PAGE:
This treatise on Fur-bearing Animals of North America, prepared by Dr. Elliott Coues, is published as a specimen fasciculus of a systematic History of North American Mammals, upon which the author has been long engaged. It is believed that the Monograph satisfactorily reflects the present state of our knowledge of these animals, and forms a desirable contribution to the literature of the general subject. The Muselidae, like most other families of North American mammals, have not been systematically revised for many years, during which much new material, hitherto unused, has become available for the purposes of science.
The late Lieut. Col. W. H. Turton presented a collection of marine mollusks from Port Alfred and the South African faunal area to the United States National Museum with a request for identification and report. At the end of the paper, the author presented what he believed to be a list of all the species that have been reported from South Africa of which there are no specimens in the United States National Museum with hope that list would lead to future collecting.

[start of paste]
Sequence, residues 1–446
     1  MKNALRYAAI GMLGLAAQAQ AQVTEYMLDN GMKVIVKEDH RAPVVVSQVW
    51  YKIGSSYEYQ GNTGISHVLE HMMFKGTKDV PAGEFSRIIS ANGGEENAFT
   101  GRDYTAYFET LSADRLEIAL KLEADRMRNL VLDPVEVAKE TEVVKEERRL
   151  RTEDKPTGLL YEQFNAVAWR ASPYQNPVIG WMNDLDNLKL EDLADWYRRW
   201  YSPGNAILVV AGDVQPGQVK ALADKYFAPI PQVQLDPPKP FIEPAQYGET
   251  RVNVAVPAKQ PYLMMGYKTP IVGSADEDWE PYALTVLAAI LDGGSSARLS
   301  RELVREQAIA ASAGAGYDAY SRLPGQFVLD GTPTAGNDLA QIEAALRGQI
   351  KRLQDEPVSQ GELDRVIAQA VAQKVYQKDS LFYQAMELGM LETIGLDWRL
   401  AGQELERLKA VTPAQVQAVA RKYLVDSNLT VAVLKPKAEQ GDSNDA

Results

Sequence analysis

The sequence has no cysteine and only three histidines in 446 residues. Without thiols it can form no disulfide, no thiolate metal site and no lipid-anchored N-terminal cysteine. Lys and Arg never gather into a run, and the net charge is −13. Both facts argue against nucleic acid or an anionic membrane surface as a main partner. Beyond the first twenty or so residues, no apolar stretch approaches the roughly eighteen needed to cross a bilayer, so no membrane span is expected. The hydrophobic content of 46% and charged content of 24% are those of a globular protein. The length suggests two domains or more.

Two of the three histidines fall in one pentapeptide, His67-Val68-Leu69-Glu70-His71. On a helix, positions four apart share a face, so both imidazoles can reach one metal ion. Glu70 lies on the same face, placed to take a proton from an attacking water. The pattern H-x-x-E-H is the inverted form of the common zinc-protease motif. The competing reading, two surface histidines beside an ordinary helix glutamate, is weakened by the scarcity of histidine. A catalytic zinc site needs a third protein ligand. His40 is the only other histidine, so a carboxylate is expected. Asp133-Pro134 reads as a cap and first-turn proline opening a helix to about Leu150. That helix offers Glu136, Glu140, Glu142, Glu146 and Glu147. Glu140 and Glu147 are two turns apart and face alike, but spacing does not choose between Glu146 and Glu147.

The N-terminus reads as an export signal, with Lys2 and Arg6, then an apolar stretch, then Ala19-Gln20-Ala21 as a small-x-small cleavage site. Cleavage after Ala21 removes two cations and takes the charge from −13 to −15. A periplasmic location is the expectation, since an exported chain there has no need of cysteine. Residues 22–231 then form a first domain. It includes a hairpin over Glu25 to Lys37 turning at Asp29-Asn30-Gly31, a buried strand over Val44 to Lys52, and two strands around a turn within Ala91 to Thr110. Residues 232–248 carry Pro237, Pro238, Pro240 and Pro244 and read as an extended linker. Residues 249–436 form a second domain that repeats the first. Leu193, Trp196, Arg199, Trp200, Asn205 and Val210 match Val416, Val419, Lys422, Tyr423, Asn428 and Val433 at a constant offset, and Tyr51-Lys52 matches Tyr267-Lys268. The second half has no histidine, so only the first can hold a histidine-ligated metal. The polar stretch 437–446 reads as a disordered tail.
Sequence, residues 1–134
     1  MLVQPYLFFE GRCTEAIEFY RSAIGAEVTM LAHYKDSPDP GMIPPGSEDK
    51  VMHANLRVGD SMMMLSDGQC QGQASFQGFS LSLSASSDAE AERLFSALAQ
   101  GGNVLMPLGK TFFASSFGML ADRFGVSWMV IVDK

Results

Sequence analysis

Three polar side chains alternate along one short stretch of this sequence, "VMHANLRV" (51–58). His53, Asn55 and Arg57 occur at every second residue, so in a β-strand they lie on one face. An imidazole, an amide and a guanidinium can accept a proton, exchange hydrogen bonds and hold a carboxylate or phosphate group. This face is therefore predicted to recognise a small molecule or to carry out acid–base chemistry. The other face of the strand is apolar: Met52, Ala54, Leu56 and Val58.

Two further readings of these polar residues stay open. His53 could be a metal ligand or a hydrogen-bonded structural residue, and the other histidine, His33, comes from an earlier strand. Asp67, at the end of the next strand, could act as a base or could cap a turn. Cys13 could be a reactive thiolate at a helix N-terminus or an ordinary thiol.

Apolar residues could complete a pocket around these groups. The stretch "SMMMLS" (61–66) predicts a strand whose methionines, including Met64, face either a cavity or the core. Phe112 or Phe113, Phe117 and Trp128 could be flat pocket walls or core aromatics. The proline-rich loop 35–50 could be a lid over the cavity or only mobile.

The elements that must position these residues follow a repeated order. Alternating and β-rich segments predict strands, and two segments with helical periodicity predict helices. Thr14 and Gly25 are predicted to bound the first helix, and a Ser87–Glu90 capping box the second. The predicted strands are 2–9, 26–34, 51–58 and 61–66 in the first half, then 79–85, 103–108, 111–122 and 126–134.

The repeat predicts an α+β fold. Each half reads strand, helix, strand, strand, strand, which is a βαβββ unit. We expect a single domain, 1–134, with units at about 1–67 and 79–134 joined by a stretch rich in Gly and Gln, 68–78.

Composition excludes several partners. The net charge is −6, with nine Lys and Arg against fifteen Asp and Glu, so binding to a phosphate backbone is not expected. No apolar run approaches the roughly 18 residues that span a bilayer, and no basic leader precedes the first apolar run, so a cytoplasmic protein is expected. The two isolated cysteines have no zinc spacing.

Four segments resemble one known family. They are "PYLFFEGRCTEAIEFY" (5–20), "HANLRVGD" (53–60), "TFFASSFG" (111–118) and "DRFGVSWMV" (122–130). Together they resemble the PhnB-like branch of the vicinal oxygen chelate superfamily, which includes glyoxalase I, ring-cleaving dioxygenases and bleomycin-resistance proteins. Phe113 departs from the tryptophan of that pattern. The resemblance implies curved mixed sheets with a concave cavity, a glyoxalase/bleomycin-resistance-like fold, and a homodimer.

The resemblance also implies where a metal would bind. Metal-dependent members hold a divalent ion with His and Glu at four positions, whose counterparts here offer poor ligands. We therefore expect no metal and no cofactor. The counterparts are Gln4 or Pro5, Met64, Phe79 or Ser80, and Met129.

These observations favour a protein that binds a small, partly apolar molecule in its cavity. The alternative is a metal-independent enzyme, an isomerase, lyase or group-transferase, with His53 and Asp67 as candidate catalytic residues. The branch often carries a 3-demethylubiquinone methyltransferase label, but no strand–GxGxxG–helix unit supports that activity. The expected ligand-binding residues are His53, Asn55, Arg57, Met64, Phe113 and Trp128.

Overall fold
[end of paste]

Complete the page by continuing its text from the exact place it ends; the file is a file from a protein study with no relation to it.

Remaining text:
This fascinating text contains a comprehensive step by step guide pertaining to the preparation and preservation of a bird skin to be used in taxidermy. Containing all the information necessary for such an endeavour and written in an accessible manner, this handbook is perfect for the amateur taxidermist and constitutes a great addition to any collection of taxidermic literature. This book has been elected for modern republication due to its timelessly educational value, and is proudly republished here with a new introduction to the subject. Elliott Coues (1842 – 1899) was an American historian, army surgeon, ornithologist, and author, whose notable works include New England Bird Life (1881) and Birds of the Colorado Valley (1878).